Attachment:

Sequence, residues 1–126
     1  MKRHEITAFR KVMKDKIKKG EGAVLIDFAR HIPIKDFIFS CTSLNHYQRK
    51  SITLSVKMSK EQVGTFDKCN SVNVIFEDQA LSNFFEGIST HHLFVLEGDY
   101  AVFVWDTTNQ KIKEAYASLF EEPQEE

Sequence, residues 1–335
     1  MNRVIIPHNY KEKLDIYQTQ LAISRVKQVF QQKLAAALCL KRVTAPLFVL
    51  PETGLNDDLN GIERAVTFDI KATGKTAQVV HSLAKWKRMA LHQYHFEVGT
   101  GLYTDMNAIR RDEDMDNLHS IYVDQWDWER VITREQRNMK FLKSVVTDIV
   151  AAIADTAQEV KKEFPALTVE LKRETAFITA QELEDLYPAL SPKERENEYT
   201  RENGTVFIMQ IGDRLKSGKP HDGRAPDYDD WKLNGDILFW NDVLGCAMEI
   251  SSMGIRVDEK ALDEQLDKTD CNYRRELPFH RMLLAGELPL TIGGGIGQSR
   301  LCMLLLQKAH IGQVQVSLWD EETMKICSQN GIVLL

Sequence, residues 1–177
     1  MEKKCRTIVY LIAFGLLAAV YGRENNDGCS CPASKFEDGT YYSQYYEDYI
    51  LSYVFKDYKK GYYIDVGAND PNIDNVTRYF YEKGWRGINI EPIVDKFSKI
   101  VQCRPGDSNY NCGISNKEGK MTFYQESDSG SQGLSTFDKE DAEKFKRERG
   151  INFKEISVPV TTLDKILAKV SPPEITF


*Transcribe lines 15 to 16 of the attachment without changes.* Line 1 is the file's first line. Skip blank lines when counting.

    51  LSYVFKDYKK GYYIDVGAND PNIDNVTRYF YEKGWRGINI EPIVDKFSKI
   101  VQCRPGDSNY NCGISNKEGK MTFYQESDSG SQGLSTFDKE DAEKFKRERG